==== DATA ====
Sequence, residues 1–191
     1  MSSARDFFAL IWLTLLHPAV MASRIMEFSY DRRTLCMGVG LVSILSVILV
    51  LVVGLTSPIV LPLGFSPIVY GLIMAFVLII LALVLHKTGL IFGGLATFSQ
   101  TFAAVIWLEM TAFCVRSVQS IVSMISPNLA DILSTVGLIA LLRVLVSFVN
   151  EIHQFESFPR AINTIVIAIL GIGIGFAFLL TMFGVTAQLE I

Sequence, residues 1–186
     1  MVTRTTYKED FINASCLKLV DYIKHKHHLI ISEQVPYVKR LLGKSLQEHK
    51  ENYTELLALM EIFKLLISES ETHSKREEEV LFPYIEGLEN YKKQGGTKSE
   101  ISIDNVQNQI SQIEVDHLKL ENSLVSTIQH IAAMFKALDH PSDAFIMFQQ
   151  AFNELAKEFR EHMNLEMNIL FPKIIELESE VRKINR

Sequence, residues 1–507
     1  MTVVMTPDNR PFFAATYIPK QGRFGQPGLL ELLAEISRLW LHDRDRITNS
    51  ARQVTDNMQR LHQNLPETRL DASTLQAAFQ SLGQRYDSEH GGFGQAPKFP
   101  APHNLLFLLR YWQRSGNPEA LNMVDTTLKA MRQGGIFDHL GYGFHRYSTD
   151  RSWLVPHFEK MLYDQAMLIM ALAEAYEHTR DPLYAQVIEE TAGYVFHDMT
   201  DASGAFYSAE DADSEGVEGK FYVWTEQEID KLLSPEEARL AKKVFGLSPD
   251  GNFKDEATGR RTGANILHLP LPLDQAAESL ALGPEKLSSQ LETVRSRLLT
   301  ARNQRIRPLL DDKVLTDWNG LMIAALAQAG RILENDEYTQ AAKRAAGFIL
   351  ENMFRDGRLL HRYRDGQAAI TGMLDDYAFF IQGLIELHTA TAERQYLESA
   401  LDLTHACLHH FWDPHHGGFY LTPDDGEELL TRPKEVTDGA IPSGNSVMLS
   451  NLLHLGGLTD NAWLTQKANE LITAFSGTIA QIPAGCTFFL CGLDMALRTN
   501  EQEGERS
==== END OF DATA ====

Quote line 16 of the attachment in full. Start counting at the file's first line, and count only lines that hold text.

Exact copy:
   201  DASGAFYSAE DADSEGVEGK FYVWTEQEID KLLSPEEARL AKKVFGLSPD